By Cindy Hadish/for the Corridor Business Journal
CEDAR RAPIDS — Meegan Hofmeister chose the road less traveled in her first entrepreneurial venture.
Ms. Hofmeister opened an upscale clothing shop in November 2013 in New Bohemia, an area known more for its dining and entertainment options than retail enterprises.
Two years later, the success of The Boutique, 1000 Third St. SE, is inspiring her to reach new heights.
“It wasn’t being done in Cedar Rapids,” Ms. Hofmeister said of high-end boutique stores. “That doesn’t mean there wasn’t a market for it.”
Kendra Scott earrings and necklaces glisten from jewelry displays; chic designer ensembles dress up the store windows and Paige Denim, Citizens of Humanity and Hudson Jeans line shelves inside the 1,500-square-foot shop. Prices range from $160 to $240 for blue jeans — the store’s most popular item — up to $300 for furs.
One customer likened The Boutique to a store from Chicago’s luxury Oak Street district that’s been “dropped into Cedar Rapids.”
In fact, Ms. Hofmeister often shopped in Chicago and elsewhere before deciding to open her own store in Cedar Rapids.
She saw the up-and-coming district as the natural place to locate, with attractions such as NewBo City Market just one block away and the popular Bata’s Restaurant next door.
“Seeing the neighborhood grow up around us has been encouraging,” Ms. Hofmeister said. “We were banking on the development of the neighborhood, for sure.”
She and her business partner originally opened as the Blonde and the Brunette, but changed to The Boutique about nine months later due to marketing conflicts with a California-based blogger with the same name.
While more businesses are opening in New Bohemia, the area doesn’t yet have the retail cluster that can buoy the success for all of the entities.
“Free-standing, independent clothing retailers face a challenge competing with big box retailers and shopping malls,” said Jennifer Pruden, executive director of the Czech Village/New Bohemia Main Street District. “In general, it is a tough business type to run, especially as a small start-up.”
Raygun, known for its irreverent T-shirt designs, will open a 4,500-square-foot store in NewBo Station — a commercial/residential building still under construction — in March, Ms. Pruden noted, something that Ms. Hofmeister said she will welcome.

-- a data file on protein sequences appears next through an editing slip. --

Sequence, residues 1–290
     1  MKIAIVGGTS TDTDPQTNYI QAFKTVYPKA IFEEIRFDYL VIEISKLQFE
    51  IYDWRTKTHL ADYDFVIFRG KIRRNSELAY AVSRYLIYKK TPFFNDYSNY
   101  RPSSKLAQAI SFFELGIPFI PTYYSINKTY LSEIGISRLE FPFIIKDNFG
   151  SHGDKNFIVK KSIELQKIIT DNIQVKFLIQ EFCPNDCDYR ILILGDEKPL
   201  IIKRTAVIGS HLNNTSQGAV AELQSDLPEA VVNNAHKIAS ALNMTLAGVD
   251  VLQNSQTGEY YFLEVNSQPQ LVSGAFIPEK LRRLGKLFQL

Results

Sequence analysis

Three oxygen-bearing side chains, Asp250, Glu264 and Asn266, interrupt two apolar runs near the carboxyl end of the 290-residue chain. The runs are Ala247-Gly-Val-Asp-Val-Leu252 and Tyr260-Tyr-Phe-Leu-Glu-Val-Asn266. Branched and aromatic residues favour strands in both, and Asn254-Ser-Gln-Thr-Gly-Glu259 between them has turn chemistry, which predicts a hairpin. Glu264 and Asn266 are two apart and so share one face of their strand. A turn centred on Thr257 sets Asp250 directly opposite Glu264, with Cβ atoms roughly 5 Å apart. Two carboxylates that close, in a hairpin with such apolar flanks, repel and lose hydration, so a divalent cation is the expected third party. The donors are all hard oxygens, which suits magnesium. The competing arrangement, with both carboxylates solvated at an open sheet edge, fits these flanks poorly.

“We couldn’t ask for a better neighbor,” she said, citing Raygun as a draw for customers, with products that won’t directly compete with the designer clothes sold at The Boutique.
Other than The Boutique, retail clothing stores in the district, including Czech Village across the Cedar River, are few and far between.
Flickers of Fun, an embroidery shop at 84 16th Ave. SW, and Red Ball Printing, 1390 Third St. SE, both specialize in T-shirts, while MugShots Custom Printing, 72 16th Ave. SW, sells sweatshirts, jackets and other items in addition to T-shirts, and EduSkate, 208 12th Ave. SE, also offers T-shirts, hats, shoes and other items, in addition to skateboarding equipment. NewBo Shops at 208, at 208 12th Ave. SE, includes vendors who sell children’s clothing, as well as accessories.
Ms. Pruden said many retailers in the district diversify their offerings to include clothing, accessories, home decor, specialty items and services to reach a broader customer base.
Sandy Rosenberger, owner of New Bo Mercantile and Vintage Shop, 215 11th Ave. SE, added men’s and women’s vintage and lightly worn clothing when she moved in April from her former site in the Cherry Building, 329 10th Ave. SE.
Hearthstone Gifts & Supplies, the previous name of her business, carried supplies for organic bath and body products, candle- and soap-making and other do-it-yourself projects, including fragrance oils and essential oils.
Her new location, with more space, carries those same supplies, with the addition of loose leaf teas and herbs, along with clothing and shoes.
Besides being a destination for the mostly female do-it-yourself customers, Ms. Rosenberger is now seeing more men and a younger crowd who seek vintage apparel.
“There’s definitely a demand for something different, other than what the chain stores sell,” she said. “People want to create their own, unique look.”
The Copper Alligator, 65 16th Ave. SW, specializes in vintage fashions, including retro clothing, hats and shoes, with an array of other eclectic items. Owner Mia Suntken opened in March 2012 and offers a small amount of online sales, as well, something that Ms. Hofmeister hopes to soon explore for The Boutique.
Ms. Hofmeister also has been collaborating with other business owners; for example, holding a recent fashion show with nearby Moods Salon and Spa, 905 Third St. SE.
Her biggest lesson in the past two years is one she is willing to share with other aspiring entrepreneurs.
“Trust your crazy ideas,” she said. “That’s usually where your passion lies.”
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(Photos © Homegrown Iowan and Corridor Business Journal.)